Irish Invest $60 Bil in Transport Infrastructure
Irish Invest $60 Billion in Transport Infrastructure
Media release, 2 November 2005
The Irish Government yesterday announced its largest ever infrastructure plan which earmarks a headline grabbing $34.4bn ($NZ60bn) for transport projects in Greater Dublin over a 10-year period. Funding for Transport 21 is expected to be principally from central treasury contributing $26.4bn, $6bn in private finance from PPP initiatives and $2bn from existing toll road PPPs.
Announcing the plan, Finance Minister Brian Cowen said "top class infrastructure is vital to Ireland's future competitiveness ... Unless we make further improvements our competitiveness will be eroded. The government has already committed to spend just under 5% of gross national product (GNP) on capital projects - equivalent to around 6bn euros a year."
"This puts into perspective the comparative low level of infrastructural investment in New Zealand", says NZCID CEO Stephen Selwood.
"Ireland is often used as a comparative nation to New Zealand. While our Government has significantly increased funding for transport in recent years, the projection for the whole of the country for the next ten years is $22bn - roughly a third of that now committed by the Irish Government."
"Major transport projects for Auckland, Wellington and the growth regions of Bay of Plenty, Waikato will not be completed within 10 years, despite the extra funds."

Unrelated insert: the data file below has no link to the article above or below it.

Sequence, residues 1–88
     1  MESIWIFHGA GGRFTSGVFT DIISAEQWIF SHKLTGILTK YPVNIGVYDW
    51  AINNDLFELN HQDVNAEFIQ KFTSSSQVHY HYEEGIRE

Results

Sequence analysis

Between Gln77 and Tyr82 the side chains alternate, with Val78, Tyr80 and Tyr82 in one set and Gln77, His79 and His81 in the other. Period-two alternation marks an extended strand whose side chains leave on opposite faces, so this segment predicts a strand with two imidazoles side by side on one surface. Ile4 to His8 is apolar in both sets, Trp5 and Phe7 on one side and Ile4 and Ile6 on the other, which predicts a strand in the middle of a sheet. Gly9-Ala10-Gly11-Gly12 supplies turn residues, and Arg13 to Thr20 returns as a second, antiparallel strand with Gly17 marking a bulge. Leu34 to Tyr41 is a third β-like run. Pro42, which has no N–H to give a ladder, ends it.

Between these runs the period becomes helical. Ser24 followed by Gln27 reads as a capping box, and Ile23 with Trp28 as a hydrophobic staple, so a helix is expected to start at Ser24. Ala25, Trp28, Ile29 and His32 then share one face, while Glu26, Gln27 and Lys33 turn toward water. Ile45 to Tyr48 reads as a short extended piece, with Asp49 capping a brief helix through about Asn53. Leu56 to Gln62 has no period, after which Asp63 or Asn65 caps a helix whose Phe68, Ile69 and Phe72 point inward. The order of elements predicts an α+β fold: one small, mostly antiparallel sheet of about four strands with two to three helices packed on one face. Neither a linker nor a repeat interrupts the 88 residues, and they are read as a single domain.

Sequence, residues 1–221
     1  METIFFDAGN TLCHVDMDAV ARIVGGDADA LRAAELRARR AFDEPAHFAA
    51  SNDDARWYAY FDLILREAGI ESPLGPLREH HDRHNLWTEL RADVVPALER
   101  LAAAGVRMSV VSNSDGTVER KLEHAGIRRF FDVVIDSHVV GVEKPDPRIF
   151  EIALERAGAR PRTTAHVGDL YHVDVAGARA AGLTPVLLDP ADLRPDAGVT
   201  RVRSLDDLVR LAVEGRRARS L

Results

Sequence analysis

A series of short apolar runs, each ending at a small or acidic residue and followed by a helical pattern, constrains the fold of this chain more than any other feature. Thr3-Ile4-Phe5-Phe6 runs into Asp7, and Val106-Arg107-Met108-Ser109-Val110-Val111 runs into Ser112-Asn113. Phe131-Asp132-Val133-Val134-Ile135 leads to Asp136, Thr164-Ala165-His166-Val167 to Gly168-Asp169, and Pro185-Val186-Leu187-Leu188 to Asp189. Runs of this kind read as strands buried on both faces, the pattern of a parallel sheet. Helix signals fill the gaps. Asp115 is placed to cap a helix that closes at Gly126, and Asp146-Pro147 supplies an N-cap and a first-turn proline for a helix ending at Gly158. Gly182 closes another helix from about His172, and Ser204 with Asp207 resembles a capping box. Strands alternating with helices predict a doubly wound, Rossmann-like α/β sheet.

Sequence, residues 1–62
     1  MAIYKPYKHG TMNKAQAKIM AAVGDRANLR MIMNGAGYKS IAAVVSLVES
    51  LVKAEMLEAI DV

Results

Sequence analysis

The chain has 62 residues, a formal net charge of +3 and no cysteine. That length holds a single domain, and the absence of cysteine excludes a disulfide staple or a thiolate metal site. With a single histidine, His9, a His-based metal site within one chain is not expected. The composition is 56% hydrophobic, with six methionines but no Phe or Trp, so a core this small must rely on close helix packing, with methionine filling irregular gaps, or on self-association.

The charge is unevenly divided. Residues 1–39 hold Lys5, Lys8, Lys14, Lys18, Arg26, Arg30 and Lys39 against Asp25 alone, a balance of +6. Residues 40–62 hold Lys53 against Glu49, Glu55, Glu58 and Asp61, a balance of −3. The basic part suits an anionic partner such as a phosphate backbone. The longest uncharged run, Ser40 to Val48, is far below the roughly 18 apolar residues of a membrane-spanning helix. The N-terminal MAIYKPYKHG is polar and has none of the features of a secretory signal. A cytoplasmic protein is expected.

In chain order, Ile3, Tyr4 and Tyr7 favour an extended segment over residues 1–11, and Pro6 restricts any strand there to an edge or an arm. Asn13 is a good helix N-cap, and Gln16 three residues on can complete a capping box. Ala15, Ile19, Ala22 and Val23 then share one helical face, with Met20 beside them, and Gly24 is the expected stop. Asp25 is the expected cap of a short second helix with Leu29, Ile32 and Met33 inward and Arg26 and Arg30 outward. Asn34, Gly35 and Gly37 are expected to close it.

"Government has clearly signalled its desire to lift NZ's economic performance. It this is to be achieved, a significant increase in New Zealand's infrastructural assets is required," Selwood said.
The Irish Blueprint:
Motorway/dual carriageway links from Dublin to Belfast, Galway, Limerick, Cork and Waterford by 2010.
Metro lines in Dublin, one linking city centre to Dublin Airport, and an orbital route linking airport line and
Commuter rail services from Galway to Athenry, reopening of Cork-Midleton line and commuter stations between Cork and Mallow.
More frequent intercity rail services.
850km of improved roads on other national primary routes from 2010-2015, major upgrade of secondary roads.
An Atlantic Road Corridor, linking Letterkenny to Waterford, through Sligo, Galway, Limerick and Cork.